I can scarcely believe what I am saying, but Mission Impossible might just be the best action franchise of the last 20 years.
While the jury may still be out on the former, it’s safe to say that Mission: Impossible- Fallout is this year’s best action blockbuster by a country mile.
Each Mission: Impossible film is different. The last film, Rogue Nation, had ambitious ouevre and panache, comparable in some cases to the likes of Sam Mendes’ Skyfall. Instead of gunning for that same appeal of tuxedos and intrigue, Fallout aims to create a tense atmosphere of paranoia. This tense atmosphere is, in turn, well-matched by breakneck pacing and a sharply-written plot.
Although Fallout is the sixth installment in the series, it’s the first time a Mission: Impossible film feels like a true sequel.
Much of that has to do with returning director Christopher McQuarrie, who has worked previously with Cruise in both Rogue Nation and the first Jack Reacher.
Another Mission, Another Race Against Time
Cruise, Cavill and Ferguson simply ooze chemistry. The standout fight scene of the film, a sink-busting slobber knocker in a Parisian bathroom, features all three working in tandem against a common foe.
Henry Cavill gets to flex both his muscles and his brains in way that hasn’t been seen since he donned the red and blue suit in Zack Snyder’s Man of Steel.
Cavil bristles with machismo and confidence, and is also the voice of reason in many early espionage and action sequences.
Rebecca Ferguson continues to impress as a deadly femme fatale, with a penchant for efficiency that would give Scarlett Johansson’s Black Widow a run for her money. Simon Pegg and Ving Rhames are competent in their supporting roles, and Angela Bassett and Alec Baldwin are respectable during their brief screentimes.
Knowing and Playing to Your Strengths
The plot, for the most part, strikes a happy medium, offering a fresh, thrilling take that acknowledges, and often pokes fun of, the traditional tropes of the franchise.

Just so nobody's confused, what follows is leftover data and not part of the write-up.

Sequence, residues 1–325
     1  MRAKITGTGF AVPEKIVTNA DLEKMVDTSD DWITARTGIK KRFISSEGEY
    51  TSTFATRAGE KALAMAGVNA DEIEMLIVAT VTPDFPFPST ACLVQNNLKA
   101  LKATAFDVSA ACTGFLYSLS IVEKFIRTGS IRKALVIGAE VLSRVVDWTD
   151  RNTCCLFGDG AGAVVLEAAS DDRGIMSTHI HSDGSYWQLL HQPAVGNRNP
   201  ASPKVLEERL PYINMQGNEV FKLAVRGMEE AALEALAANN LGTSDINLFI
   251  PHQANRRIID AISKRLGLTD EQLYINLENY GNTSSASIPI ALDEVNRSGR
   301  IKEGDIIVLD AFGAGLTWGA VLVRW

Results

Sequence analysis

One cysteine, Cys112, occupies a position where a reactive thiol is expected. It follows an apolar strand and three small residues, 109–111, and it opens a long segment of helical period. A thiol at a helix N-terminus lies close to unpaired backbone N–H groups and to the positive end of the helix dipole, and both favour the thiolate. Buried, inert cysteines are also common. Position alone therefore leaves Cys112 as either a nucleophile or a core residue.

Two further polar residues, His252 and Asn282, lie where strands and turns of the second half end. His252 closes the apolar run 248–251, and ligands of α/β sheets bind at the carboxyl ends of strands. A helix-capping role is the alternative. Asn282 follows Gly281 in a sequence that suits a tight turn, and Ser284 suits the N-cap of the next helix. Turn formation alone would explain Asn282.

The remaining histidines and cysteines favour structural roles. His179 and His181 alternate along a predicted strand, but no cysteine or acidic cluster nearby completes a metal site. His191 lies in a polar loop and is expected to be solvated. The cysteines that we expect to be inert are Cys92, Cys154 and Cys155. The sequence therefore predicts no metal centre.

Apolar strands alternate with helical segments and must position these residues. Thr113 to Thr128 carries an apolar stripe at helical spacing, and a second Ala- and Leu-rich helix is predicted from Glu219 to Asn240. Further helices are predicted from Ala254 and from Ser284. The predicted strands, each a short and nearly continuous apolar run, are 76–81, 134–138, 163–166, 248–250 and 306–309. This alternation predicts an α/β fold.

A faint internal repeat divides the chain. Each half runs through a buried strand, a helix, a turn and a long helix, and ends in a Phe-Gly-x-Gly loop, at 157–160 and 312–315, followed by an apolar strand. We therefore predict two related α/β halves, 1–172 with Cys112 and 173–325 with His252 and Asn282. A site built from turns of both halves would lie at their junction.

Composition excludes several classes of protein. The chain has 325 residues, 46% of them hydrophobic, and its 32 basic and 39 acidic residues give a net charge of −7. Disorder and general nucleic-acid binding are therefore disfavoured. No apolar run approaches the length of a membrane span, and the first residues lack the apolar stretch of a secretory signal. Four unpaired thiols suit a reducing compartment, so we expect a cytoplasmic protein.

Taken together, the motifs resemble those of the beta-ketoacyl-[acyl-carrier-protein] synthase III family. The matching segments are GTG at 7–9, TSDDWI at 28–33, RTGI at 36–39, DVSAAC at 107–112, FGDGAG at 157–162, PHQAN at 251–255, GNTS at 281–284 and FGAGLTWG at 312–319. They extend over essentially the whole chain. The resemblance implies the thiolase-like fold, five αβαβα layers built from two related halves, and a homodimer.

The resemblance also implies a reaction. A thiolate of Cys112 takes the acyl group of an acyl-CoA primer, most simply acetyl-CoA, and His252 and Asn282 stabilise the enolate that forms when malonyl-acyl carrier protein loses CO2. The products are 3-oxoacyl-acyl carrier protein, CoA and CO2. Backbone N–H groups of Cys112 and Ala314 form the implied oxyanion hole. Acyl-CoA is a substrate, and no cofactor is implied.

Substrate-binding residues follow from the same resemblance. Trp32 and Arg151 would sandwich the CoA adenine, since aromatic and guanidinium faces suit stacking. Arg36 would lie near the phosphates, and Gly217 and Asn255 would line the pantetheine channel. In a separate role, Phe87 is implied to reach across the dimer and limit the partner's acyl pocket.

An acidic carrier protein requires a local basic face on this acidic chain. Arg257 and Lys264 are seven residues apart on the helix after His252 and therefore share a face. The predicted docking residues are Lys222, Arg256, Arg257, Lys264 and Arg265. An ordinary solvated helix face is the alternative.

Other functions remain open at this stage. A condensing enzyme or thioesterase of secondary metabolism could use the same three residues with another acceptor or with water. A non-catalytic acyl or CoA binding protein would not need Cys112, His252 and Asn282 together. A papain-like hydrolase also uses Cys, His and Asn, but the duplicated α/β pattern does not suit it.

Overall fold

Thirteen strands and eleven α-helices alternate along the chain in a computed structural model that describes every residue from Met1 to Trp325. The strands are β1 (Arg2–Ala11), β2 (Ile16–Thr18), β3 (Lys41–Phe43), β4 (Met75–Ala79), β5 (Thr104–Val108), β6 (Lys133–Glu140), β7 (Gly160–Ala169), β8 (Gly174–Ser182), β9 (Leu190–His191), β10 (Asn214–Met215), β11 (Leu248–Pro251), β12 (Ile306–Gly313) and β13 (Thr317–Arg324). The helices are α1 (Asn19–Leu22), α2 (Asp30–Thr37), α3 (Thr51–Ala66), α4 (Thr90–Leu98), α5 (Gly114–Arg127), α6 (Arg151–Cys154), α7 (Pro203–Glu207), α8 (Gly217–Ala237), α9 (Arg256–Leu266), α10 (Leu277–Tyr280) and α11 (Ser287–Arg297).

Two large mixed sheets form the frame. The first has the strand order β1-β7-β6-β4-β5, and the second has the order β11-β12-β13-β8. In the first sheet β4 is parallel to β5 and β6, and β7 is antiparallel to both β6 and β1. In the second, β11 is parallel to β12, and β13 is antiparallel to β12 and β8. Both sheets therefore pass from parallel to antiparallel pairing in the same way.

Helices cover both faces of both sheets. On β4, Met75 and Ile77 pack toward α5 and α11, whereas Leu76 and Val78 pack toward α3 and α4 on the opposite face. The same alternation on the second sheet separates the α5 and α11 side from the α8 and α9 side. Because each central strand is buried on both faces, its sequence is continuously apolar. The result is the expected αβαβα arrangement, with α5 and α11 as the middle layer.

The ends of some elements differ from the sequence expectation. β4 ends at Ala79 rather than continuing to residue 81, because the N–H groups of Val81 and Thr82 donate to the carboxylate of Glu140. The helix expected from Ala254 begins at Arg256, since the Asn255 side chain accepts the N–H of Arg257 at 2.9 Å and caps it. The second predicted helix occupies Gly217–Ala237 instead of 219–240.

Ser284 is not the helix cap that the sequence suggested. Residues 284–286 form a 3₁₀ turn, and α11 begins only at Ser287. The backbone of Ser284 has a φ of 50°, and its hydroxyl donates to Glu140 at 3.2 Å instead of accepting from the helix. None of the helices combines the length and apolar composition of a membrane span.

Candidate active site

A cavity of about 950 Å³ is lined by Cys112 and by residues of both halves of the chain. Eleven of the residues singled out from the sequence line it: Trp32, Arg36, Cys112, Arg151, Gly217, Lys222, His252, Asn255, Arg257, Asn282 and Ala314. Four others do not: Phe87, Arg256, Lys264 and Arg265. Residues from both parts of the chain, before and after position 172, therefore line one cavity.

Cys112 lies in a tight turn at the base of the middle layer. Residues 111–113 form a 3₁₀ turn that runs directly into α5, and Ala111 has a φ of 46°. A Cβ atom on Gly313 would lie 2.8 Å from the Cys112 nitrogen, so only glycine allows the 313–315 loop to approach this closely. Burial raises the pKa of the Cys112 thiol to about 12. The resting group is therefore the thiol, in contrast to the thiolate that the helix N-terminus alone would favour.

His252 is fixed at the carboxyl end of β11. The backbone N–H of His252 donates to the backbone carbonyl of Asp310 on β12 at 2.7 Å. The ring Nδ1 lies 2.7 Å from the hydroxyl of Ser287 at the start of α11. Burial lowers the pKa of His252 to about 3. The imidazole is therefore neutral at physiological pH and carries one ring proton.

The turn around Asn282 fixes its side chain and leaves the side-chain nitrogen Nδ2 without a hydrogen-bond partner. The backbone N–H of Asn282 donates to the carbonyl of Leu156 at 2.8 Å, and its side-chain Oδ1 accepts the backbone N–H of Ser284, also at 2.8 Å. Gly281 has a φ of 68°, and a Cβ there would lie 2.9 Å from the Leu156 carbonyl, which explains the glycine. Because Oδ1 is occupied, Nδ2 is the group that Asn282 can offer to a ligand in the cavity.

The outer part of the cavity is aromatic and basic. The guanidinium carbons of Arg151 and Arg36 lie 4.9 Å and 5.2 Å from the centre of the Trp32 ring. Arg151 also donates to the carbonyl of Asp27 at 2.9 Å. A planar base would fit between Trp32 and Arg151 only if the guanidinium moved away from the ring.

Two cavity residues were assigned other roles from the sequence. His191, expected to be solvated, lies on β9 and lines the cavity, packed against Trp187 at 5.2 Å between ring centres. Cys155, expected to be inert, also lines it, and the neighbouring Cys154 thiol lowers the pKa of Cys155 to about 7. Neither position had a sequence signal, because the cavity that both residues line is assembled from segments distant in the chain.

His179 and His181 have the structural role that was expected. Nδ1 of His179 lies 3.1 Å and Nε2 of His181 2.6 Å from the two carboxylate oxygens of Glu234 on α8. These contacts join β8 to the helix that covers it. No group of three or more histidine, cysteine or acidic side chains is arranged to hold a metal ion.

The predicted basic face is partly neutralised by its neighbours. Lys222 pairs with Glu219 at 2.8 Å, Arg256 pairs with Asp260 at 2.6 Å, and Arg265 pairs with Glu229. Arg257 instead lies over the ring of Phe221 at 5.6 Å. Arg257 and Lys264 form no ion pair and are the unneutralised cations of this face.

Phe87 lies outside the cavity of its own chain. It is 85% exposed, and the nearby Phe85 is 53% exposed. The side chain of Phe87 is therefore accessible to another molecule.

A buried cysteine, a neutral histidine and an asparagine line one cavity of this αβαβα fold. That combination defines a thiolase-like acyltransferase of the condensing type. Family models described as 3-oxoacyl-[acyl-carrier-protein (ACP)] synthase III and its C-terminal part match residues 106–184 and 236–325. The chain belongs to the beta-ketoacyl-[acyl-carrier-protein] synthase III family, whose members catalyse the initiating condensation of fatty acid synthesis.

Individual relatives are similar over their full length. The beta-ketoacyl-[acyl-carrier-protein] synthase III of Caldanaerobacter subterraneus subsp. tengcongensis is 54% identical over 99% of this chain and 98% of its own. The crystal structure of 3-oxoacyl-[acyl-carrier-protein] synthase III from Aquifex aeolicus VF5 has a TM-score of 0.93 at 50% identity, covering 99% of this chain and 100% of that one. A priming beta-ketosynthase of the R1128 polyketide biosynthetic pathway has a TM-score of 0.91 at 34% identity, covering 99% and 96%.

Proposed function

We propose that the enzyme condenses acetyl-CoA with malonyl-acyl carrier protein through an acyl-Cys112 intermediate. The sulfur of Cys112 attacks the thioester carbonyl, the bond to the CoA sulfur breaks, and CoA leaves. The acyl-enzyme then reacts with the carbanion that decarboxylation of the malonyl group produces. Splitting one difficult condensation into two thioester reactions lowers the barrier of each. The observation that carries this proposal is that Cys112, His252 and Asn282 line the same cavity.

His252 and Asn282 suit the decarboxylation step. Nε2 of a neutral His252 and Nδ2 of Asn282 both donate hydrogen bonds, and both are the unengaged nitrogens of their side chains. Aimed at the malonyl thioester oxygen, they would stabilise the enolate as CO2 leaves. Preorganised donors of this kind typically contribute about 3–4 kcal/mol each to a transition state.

It’s apparent, from a very early point in the film, that certain characters aren’t who they seem to be.
The screenplay, thankfully, anticipates this and instead focuses on character layering to build rapport with the audience. McQuarrie peppers moments of camaraderie between scenes of instant, high-stakes action. The team member bond as they squabble over their individual methods, the ridiculousness of face masks, and marvel at Hunt’s penchant for running quarter miles more often than driving them.
If Fast and the Furious is a ridiculous franchise built around cars and family, then Mission: Impossible is built on impressive stunts, superb action sequences and, of course, a whole lot of running from Tom Cruise.
The ethos of the franchise is voiced clearly a few times in the film.
The keyword of the franchise isn’t “impossible”, because Hunt’s IMF team always find a way to do their job.
No matter what the odds, and how many times he has been betrayed, Ethan Hunt has an uncanny knack for figuring out how to handle the situation and come out on top.
Celebrating Cruise’s Hyper-Human Endurance
To call Mission: Impossible- Fallout an accomplishment isn’t an overstatement. At the heart of this kind of achievement is the maddening drive of the last action hero standing.
Tom Cruise has found a way to channel all the darkness and upheavals of his personal life into a film career that has maintained a manic momentum for the last two decades. If Dwayne Johnson eats eight pancakes after workouts, then Tom Cruise probably runs a half marathon and goes rock climbing before breakfast.
To call Tom Cruise a superhuman wouldn’t be off the mark, either.
He holds his own while teaming up with Cavill, and his fighting style is not only deadly, but precise and utilitarian.
For Fallout, He uses the Keysi fighting style, developed by Andy Norman, since Jack Reacher, and it contrasts nicely with Cavil’s hulking, brick-like brawling style.
Of course, both styles are heavily choreographed, but McQuarrie’s directing and Rob Hardy’s cinematography produce a very convincing illusion of authenticity.
As great as the film is, it falls short of being a masterpiece. And that is okay, because the film had no such aspirations. McQuarrie and Cruise set out to, and succeeded in, making the best action-adventure spy thriller yet filmed in the Mission: Impossible franchise.
In the eighteen days since its release, the film has amassed a combined gross of $439 million. While these aren’t Marvel numbers, they are very respectable for a spy franchise. We can expect it to finish ahead of Rogue Nation, which earned $877 million in 2015.
If you haven’t seen it yet, do catch it in 3D, or better yet, IMAX. The bathroom fight scene alone is worth the price of admission.